Signal power at the receiver output:
PS E{m2(t)} P
Noise power:
PN 2 N 0W
SNR at the receiver output:
P
SNRo SNRAM
2 N0W
Transmitted power
A2 P A2 P
PT
2 2 2

82
Comparison
SNR of a baseband signal with the same transmitted
power:
p A2 P
SNRbaseband
2 N 0W
Thus:
P
SNRAM 2 SNRbaseband
A P
Note:
P
1
A P
2

Conclusion: the performance of standard AM with

synchronous recovery is worse than that of a baseband
system.
y

83

Model of AM envelope detector

84
Envelope Detection for Standard AM
Phasor diagram of the signals present at an AM

x(t)
Envelope
y (t ) envelope of x (t )
[ A m(t ) nc (t )]2 ns (t ) 2

Equation is too complicated

Must use limiting cases to put it in a form where noise and

85
Small Noise Case
1st Approximation: (a) Small Noise Case
n ( t ) [ A m ( t )]
Then
ns (t ) [ A m(t ) nc (t )]
Then Identical to the post-
y (t ) [ A m(t ) nc (t )] detection signal in the
case off synchronous
h
detection!
Thus P
SNRo SNRenv
2 N 0W
And in terms of baseband SNR:
P
SNRenv 2 SNRbaseband
A P
Valid for small noise onl
only!!
86
Large Noise Case
2nd Approximation: (b) Large Noise Case
n(t ) [ A m(t )]
Isolate the small quantity:
y2 (t ) [ A m(t) nc (t )]2 ns2 (t)
( A m(t))2 nc2 (t ) 2( A m(t ))nc (t ) ns2 (t )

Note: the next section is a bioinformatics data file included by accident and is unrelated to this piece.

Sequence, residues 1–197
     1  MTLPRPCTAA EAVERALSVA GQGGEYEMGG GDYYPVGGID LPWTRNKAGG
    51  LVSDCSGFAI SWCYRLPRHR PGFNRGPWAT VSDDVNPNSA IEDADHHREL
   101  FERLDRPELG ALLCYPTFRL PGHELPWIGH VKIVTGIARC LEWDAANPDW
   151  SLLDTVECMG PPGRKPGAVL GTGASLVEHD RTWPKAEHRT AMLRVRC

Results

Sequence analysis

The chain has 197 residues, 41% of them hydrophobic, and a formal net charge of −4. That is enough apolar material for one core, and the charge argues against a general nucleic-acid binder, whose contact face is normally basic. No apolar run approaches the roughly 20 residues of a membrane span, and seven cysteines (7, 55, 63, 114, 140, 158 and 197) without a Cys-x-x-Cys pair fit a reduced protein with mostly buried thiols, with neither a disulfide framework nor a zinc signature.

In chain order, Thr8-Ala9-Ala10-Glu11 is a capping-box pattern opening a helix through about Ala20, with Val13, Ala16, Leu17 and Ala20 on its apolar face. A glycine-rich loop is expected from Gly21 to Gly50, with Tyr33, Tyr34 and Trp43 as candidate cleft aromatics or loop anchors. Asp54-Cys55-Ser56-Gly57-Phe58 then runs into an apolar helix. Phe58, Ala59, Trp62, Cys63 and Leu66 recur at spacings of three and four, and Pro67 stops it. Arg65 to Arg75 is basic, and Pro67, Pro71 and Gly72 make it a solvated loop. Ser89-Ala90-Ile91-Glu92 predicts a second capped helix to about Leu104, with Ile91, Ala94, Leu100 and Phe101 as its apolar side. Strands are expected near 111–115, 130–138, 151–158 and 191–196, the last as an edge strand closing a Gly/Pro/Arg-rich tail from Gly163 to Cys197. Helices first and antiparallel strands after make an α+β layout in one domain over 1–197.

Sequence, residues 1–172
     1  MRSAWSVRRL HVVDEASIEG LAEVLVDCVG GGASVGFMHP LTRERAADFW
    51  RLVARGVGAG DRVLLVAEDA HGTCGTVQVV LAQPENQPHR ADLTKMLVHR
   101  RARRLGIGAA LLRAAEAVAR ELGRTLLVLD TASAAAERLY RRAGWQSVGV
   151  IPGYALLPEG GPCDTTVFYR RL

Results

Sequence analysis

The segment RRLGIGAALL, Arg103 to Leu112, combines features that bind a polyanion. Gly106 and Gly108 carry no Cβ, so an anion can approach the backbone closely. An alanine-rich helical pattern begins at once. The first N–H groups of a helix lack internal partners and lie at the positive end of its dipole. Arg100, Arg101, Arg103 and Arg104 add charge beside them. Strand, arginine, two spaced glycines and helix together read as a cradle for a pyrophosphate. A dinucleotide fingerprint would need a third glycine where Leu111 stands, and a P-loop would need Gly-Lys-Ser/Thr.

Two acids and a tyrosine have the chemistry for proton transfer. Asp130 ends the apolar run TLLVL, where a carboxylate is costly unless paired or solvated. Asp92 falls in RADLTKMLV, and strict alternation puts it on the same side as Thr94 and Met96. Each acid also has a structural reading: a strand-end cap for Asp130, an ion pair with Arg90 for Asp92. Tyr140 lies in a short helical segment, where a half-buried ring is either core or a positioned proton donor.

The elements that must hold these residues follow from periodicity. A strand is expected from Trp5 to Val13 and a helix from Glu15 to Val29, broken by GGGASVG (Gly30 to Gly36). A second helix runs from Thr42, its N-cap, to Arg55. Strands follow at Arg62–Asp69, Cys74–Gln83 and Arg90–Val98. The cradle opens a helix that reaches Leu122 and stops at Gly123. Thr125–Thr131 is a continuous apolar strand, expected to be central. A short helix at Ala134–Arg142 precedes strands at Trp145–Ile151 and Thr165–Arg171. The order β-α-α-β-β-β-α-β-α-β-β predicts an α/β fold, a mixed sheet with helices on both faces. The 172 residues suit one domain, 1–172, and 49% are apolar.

( A m(t ))2
2( A m(t))nc (t )
[nc (t ) ns (t )]1 2
2 2
2
nc (t) ns (t ) nc (t) ns (t )
2 2 2

2[ A m(t )]nc (t )
y (t ) [n (t ) n (t )]1 2
2 2
c
2
s
nc (t ) ns (t )
2

2[ A m(t )]nc (t )
E (t )1
2
n 2
En (t ) nc2 (t ) ns2 (t )
En (t
(t )
87
Large Noise Case: Threshold Effect
From the phasor diagram: nc(t) = En(t) cosn(t)
Then:
2[ A m(t)]cosn (t)
y(t) En (t) 1
En (t)
x
U
Use 1 x 1 for x 1
2
[ A m(t )] cos n (t )
y (t ) En (t )1
En ( t )
En (t ) [ A m(t )] cos n (t )
Noise is multiplicative here!
No term proportional to the message!
R
Result:
lt a threshold
th ff t as below
h ld effect, b l some carrier
i power llevell ((very
low A), the performance of the detector deteriorates very rapidly.

88
Summary

A: carrier amplitude
amplitude, P: power of message signal
signal, N0: single-sided PSD of noise